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Haiti: MSF Emergency Response after Hurricane Matthew

31 Oct 2016

Three weeks after hurricane Matthew swept over the South-West of Haiti, thousands of people are still severely affected by inadequate shelter, insufficient food and drinking water. Some remote communities are still cut off and inaccessible. Médecins Sans Frontières is concerned that the combination of lack of shelter, safe drinking water, food and access will lead to a deterioration of the general health status of the population in hurricane affected provinces of Sud, Grande Anse and Nippes.

Médecins Sans Frontières teams see signs food scarcity: most of the crops are destroyed or flooded and the vast majority of the livestock is missing or dead. “During our medical consultations, our patients tell us they don’t know how to feed their families”, says Emmanuel Massart, Médecins Sans Frontières Project Coordinator in Grand Anse. “Families have lost livestock, fruit trees and their entire personal reserves during the storm, and what is left is decaying because of the insufficient protection from the rain.” In Sud and Grand Anse, Médecins Sans Frontières started to monitor the nutritional status of children under five during mobile clinics in order to treat them with ready-to-use therapeutic food if necessary. 

The force-4 hurricane blew away the roofs of most houses in the South-West of the country and the heavy rains further damaged the rare houses that were still standing. “Entire families have lost their homes. Their houses were totally destroyed. They now living in temporary shacks or are sharing overcrowded spaces with other families” says Renate Sinke, Médecins Sans Frontières Project Coordinator in Nippes. Wells, water networks and reservoirs have also been damaged. “The hurricane damaged the precarious water supply systems. These systems were further damaged with the floods that followed the hurricane. The people did not have access to clean water”, reports Yves Lyre-Marcellus, Médecins Sans Frontières Water and Sanitation specialist in Nippes. We assessed six wells on the coastline from Port à Piment to Les Coteaux, of which three were contaminated by salt water. In the valleys or mountains, water sources are sometimes mixed with unsafe river water or debris from landslides.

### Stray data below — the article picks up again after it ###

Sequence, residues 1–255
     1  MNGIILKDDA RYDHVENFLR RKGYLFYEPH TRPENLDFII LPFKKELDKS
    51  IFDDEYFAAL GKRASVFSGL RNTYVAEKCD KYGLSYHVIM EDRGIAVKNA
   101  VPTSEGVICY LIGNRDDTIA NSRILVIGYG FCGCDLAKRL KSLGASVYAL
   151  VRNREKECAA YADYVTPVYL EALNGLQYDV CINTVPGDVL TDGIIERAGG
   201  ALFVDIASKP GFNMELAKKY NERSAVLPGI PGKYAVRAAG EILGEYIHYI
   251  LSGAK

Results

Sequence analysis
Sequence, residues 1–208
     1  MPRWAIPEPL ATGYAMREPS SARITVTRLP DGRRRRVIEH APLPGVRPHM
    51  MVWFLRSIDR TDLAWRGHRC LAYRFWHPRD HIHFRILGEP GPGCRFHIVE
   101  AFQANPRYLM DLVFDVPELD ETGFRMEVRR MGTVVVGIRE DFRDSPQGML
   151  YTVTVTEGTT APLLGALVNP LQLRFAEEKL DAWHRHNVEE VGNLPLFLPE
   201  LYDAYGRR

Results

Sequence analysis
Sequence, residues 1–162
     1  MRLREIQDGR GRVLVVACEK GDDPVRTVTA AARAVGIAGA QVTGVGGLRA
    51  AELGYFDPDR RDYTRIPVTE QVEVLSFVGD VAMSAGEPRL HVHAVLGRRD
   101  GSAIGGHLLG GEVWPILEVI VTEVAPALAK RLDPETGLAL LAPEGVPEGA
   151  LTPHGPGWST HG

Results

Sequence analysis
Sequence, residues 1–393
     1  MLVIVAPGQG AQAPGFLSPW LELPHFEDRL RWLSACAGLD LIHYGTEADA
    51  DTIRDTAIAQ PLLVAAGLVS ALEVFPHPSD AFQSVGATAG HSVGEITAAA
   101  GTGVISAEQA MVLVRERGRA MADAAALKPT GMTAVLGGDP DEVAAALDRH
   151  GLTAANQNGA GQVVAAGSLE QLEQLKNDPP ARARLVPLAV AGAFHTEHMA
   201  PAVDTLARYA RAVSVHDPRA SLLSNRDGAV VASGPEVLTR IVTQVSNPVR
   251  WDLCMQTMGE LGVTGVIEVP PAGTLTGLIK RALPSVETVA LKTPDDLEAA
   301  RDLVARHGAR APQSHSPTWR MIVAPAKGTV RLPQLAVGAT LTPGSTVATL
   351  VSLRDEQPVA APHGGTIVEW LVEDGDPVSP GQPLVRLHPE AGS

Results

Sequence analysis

Remote villages were already hard to reach before the hurricane but are now nearly inaccessible. “The two roads leading to the Baradères district are currently cut off. People can’t come nor leave the district. Supplies cannot get into the villages. Trade cannot happen anymore.” highlights Sinke. Inaccessibility of remote villages is also impacting the provision of health care. “Upon arrival in Pourcine, a village in the mountains, we treated fourteen people with serious injuries and one woman who had a miscarriage”, explains Massart. “If open wounds are not treated properly, the patient goes into sepsis. Normally a limp should be removed; but if there is no access to care, the patient will likely die.” 

As the number of suspect cholera patients in Médecins Sans Frontières’ Cholera Treatment Centre (CTC) in Port à Piment decreased to six patients on 25th October, the neighborhood town of Chardonnières reported forty suspect cases during the day. As the epidemic is unpredictable in current conditions, it is crucial to monitor new cases, provide sufficient treatment centres, access to these facilities and safe drinking water.


Three weeks in Médecins Sans Frontières teams have:

  • Consulted more than 2500 patients in 27 villages 
  • Referred ten patients by helicopter to Port au Prince: nine persons to the MSF trauma centre in Tabarre and one person to the MSF centre for severe burns
  • Distributed temporary shelter to 1,400 families in Sud
  • Set up two Cholera Treatment Centers (CTC) in Port à Piment and Baradères and treated 229 patients with suspected cholera
  • Provided training, water and sanitation support to six CTC in Grand Anse and one CTC in Nippes
  • Distributed medical supplies and non-food items to two health centers and two CTC in Artibonite
  • Set up four water bladders in Grande Anse and one in Port à Piment, each providing 15mᶟ of drinking water per day
  • Distributed 900,000 Aquatabs in Sud- Reinforced its cholera surveillance activities in the ten provinces of the country